Whether it’s financial figures, a breakdown of sales, or information from the IT department, you look around the table and see eyes starting to glaze, people looking down to find that their shoelaces are suddenly fascinating, or some surreptitious checking of e-mails.
Ed Broussard has a very different attitude towards data. As the chief executive of data consultancy firm Mudano, Broussard is on a mission to change the way companies use data, both in their business decisions and in terms of how they manage their change projects.
In fact, Mudano’s whole philosophy towards data flips the very idea of what data is and what it can do for organisations. The Mudano journey is steeped in the idea of “wasting less and doing more”, with data right at the heart of it all.
Broussard, along with his fellow company founders – chief delivery officer Sandi Chanda, chief technology officer Andrew Mantilas and chief strategy officer Jonathan Summers – all come from a traditional consultancy background. They had been left frustrated at the way in which financial services companies were wasting huge sums of money and time on IT, digital and other change projects, which didn’t deliver value.
A culture of waste and mediocrity had seeped its way into the industry; the quartet could see that firms were stagnating because they weren’t adopting the new technologies that were revolutionising other sectors. They believed they could use data and artificial intelligence to not only solve their clients’ business problems, but also to transform the way their projects were managed.
To solve the problems, the four founders teamed up and created Mudano, which now has offices in Edinburgh, London and Goiânia in Brazil.
The firm recently created 40 jobs in Scotland’s capital after being awarded a £2.6 million research and development grant in October 2018 by the Scottish Government as part of a bigger £6.9m investment to build “Sharktower”, the world’s first data and AI-led project management software.
“We apply data and scientific techniques to the way we manage change, in what we call ‘delivery science’,” explains Broussard, who has registered it as a trademark.
“It underpins everything we do, and we believe it will transform our industry.”
Broussard says terms like “data culture” and “delivery science” are not simply new corporate buzzwords for the advanced digital age, in the tradition of “blue sky thinking” or “boiling the ocean”, but part of a company-wide approach to being different. “Data isn’t just about the future of business – it’s also the future of change,” he says.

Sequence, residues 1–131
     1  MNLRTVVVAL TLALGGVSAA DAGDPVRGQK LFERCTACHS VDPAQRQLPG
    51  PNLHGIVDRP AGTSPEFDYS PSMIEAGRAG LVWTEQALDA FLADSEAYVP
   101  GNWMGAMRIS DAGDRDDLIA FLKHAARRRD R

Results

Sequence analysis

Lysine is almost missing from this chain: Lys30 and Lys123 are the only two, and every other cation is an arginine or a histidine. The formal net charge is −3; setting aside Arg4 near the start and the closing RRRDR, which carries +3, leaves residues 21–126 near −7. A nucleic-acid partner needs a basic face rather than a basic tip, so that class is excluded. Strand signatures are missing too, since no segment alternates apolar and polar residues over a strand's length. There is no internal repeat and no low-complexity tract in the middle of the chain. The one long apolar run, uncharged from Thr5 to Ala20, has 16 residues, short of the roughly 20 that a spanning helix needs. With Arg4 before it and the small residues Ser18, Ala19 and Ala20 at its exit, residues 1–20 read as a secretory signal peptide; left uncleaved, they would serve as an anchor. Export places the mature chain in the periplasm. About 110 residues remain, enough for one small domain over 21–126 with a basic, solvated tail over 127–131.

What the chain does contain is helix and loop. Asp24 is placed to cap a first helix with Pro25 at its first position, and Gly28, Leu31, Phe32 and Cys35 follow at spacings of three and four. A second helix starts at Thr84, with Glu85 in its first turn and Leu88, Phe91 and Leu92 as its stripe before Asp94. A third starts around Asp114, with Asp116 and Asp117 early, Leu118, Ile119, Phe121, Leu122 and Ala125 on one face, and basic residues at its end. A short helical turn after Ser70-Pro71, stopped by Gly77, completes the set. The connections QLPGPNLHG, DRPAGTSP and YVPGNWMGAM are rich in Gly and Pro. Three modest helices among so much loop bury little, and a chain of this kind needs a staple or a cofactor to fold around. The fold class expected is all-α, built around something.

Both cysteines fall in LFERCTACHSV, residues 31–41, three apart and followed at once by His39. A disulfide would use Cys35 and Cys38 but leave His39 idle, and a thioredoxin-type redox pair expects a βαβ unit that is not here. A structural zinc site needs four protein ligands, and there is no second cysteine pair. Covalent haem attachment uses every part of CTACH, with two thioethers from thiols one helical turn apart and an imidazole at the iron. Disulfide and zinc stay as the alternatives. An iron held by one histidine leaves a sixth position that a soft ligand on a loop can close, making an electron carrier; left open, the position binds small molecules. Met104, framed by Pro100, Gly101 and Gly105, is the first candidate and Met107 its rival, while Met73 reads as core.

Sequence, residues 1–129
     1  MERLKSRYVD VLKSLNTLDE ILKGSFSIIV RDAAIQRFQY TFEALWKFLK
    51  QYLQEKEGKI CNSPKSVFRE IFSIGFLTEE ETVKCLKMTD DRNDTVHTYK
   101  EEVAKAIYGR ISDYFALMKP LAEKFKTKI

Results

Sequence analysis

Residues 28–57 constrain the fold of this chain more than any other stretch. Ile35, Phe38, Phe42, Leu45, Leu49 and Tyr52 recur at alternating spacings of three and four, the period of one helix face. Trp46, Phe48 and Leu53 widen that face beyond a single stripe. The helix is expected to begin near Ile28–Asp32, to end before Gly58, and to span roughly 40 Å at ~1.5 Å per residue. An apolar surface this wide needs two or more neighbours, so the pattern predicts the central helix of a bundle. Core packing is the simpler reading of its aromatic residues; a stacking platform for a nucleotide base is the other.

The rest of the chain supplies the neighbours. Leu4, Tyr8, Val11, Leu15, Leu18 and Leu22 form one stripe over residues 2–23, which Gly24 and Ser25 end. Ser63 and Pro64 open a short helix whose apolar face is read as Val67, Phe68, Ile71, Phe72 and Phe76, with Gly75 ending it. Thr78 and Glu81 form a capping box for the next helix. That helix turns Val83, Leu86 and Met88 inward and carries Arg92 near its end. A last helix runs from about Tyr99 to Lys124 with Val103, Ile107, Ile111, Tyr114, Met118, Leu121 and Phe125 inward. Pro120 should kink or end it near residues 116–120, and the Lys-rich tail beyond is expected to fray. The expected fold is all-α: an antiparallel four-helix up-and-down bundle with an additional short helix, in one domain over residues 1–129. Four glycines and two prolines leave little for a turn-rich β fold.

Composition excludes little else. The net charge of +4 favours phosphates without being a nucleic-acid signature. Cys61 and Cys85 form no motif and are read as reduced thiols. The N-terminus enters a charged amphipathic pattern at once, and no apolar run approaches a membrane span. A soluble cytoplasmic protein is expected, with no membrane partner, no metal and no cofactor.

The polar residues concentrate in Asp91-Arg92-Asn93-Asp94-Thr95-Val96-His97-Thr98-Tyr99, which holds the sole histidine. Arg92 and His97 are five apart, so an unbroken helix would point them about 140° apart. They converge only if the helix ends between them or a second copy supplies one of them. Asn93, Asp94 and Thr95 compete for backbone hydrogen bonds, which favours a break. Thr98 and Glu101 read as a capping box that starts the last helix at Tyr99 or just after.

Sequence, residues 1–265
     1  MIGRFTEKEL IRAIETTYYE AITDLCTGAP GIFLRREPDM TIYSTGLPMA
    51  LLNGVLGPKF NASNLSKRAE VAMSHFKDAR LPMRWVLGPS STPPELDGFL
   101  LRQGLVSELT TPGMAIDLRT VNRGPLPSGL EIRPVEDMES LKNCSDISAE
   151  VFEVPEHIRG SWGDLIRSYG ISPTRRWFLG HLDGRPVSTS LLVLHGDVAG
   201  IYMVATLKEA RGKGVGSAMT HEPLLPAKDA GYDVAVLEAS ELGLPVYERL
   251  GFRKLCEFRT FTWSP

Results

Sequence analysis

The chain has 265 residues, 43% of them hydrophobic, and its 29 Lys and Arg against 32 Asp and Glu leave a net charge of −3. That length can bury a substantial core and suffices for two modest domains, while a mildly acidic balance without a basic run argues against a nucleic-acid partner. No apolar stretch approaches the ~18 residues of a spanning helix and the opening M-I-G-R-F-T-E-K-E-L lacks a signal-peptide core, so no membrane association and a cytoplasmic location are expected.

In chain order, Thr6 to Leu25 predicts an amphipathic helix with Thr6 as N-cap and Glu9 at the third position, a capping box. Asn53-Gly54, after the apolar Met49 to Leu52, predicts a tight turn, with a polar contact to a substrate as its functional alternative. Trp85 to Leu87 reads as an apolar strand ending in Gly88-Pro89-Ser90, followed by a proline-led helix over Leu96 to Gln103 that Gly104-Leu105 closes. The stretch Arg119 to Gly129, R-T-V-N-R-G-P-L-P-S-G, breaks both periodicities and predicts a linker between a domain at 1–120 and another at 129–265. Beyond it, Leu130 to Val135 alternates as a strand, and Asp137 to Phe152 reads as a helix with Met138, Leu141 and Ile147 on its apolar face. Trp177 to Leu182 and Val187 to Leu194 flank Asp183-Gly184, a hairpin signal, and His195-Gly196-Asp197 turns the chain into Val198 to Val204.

“We use data to underpin decision making so data becomes part of our DNA, not just something we talk about. Establishing a data culture means taking a data-first approach across the whole business, not just in the data teams.”
The company isn’t simply about R&D for the future; it is already working with clients to put its processes into action. It’s helping firms to move past old-fashioned, options-led decision making into the data-driven world of today. “Changing the world” is potentially another one of those buzz phrases and it’s a phrase Broussard makes a point of clarifying.
“We’re not just another start-up with some vague ‘Let’s change the world’ mantra – we’re already changing it,” he explains. “We’ve got a team of world-class experts and we’re already working with some of the biggest financial services companies in the UK. I believe ours is the strongest financial data services team in the world.”
If “delivery science” is the technical or “brain” part of the process, then data culture is most certainly its heart. It’s perhaps what sets Mudano apart from other data consultancies. “When we first meet clients, instead of asking ‘What do you want to do with your data?’ we ask them
‘What do you want to do with your business, but at the moment you feel you’re being limited by technology or data or skills?’ By asking these different questions, we get to a fundamentally different answer,” explains Broussard.